In 1891, the palaeontologist Erwin Barbour was walking through the White River Badlands of western Nebraska; a mosaic of parched grassland and slow-flowing rivulets that expose colourful layers of sedimentary rock. He was there to inspect a fossil that had baffled a local rancher.

After being led to the fossil's location, Barbour found himself just as puzzled. The fossil looked like a two-metre-tall corkscrew of stone, spiralling vertically into the landscape. It was like nothing he had seen before.

What was it? Barbour, head of the Department of Geology at the University of Nebraska, decided the fossil must be the remains of an extinct freshwater sponge, which he named Daemonelix or "Demon's corkscrew".

A couple of years later he was forced to rethink his conclusion. Other fossils from the same site did not fit with the idea that an ancient lake once covered the area. Barbour decided that Daemonelix was really the preserved root system of a giant tree. This was also wrong.

There were dozens of beaver species in all manner of forms and sizes, from blind burrowers to Ice Age giants

Thankfully, his contemporaries had other ideas. Edward Drinker Cope and Theodor Fuchs independently noticed that, inside a horizontal compartment preserved at the base of the helical fossils, were the ancient bones of a rodent. The devil corkscrews were not the remains of an extinct organism. They were ancient burrows that filled up with sand and silt.

In 1906, the rodents were identified as beavers that lived at the bottom of their deep, vertical burrows 22 million years ago, venturing above ground to feed on the lush steppes of North America. They were named Palaeocastor, literally meaning "prehistoric beaver". But they were not the only beavers of prehistory.

In fact, in times past the beaver family tree dripped in diversity. There were dozens of beaver species in all manner of forms and sizes, from blind burrowers to Ice Age giants. Today, though, that tree has been gnawed and stripped of most of its branches. Just two species remain. How and why did the beavers rise – and what precipitated their spectacular fall?

With incisors that renew throughout life, beavers are part of an early radiation of rodents that emerged between 40 and 35 million years ago. At this time, the warm and wet greenhouse world of the Eocene period was beginning to cool.

As a palaeontologist who studies rodents, I study everything's lunch

The forests of the Arctic receded southwards and the thick canopy was reduced to a carpet of grass. Rodents took full advantage, filling nearly every ecological niche available. Small and nimble, they ran, climbed, and bred into new lifestyles.

But beavers took a different tack. "From their origin they're pretty big," says geologist Samantha Hopkins of the University of Oregon in Eugene. This came at a cost.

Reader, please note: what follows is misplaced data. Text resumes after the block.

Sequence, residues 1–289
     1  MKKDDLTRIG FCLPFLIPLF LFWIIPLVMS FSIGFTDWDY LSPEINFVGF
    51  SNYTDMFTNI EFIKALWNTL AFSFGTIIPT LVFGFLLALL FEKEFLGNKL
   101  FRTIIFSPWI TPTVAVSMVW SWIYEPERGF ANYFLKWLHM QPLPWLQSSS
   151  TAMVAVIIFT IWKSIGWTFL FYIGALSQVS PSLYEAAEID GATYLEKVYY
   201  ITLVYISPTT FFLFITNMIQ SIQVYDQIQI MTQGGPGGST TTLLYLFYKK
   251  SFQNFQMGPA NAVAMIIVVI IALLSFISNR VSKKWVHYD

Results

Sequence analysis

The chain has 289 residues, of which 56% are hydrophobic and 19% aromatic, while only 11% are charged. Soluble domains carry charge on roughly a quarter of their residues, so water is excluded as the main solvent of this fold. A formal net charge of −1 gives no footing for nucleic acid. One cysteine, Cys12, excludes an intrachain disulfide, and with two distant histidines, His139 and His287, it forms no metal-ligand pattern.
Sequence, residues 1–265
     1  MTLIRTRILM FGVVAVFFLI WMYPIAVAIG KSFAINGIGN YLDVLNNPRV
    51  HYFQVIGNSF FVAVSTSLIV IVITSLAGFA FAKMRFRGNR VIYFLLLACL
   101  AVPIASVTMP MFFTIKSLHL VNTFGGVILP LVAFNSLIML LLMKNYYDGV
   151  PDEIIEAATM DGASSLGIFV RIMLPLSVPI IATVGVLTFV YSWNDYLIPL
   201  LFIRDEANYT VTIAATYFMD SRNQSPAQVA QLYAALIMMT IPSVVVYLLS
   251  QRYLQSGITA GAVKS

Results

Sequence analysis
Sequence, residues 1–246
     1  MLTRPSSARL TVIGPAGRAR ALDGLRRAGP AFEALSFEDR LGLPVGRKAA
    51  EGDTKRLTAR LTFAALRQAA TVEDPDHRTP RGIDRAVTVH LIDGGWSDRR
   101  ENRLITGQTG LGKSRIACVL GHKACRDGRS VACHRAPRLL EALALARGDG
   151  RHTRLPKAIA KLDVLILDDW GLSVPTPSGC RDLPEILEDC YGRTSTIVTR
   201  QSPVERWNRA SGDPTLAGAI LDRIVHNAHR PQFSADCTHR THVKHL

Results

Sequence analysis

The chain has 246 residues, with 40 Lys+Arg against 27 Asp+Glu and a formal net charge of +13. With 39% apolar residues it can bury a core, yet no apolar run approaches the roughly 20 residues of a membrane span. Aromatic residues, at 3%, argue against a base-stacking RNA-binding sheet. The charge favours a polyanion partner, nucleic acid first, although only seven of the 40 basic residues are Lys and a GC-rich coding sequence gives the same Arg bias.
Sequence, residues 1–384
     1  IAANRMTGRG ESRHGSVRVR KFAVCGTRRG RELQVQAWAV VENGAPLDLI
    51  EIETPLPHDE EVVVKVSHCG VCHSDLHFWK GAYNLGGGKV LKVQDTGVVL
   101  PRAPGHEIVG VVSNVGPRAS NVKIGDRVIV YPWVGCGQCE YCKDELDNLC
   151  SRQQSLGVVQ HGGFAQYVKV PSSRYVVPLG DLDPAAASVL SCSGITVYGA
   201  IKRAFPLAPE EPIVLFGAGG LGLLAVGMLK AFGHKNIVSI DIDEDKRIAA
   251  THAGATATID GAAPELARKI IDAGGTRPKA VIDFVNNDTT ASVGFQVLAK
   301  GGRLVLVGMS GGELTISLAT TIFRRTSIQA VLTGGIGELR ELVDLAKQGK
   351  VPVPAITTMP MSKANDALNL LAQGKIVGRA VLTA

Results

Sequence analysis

"Rodents in general are made for everything else to eat," says Hopkins. "As a palaeontologist who studies rodents, I study everything's lunch." Their greater size meant that ancient beavers would have been particularly tempting targets for the predators of yore.

To take themselves off the menu, they hid. Soon after their emergence in North America, the beaver family tree split in two. One branch took to the water and the other went underground.

It sounds contradictory today, but early in their evolution beavers really benefited from a lack of trees.

"They were some of the first animals to take advantage of open habitats," says Joshua Samuels of East Tennessee State University. "They really dove right into it."

In addition to the Palaeocastor fossils discovered in Nebraska, there were at least 15 species of beavers digging their homes into the soft sandy ground of North America between 32 and 20 million years ago. At one site called the Harrison Formation in South Dakota, there were no fewer than eight species living similar lives, in the same place and at the same time.

Early in their evolution beavers really benefited from a lack of trees

"They were some of the most abundant animals in basically all the places they lived in North America," says Samuels. "A prairie dog town is a good analogue…  They were very, very common."

Their ubiquity might even explain why some beavers dug such odd vertically-spiralled burrows. As Larry Martin and Debra Bennett of the University of Kansas concluded in 1977: "The high density of the burrows… permits the digging of a very deep vertical burrow which occupies little horizontal space." Like our tower blocks, the burrows were an adaptation to city life.

From the distinctive marks they left on the inside of helical burrows, Martin and Bennett also demonstrated that these beavers dug with their protruding teeth, not with their claws as was previously assumed. They wrote: "when scraped through soft, moist sand they leave a broad flat groove with a slight ridge down the centre where the incisors do not quite meet."

Out of the 500 fossil burrows they examined, 50% twisted in a clockwise direction and 50% were anticlockwise, opening up the possibility that some beavers were right-toothed and some left-toothed.

While Palaeocastor dug with its teeth, other species used their strong front limbs and flattened heads as shovels.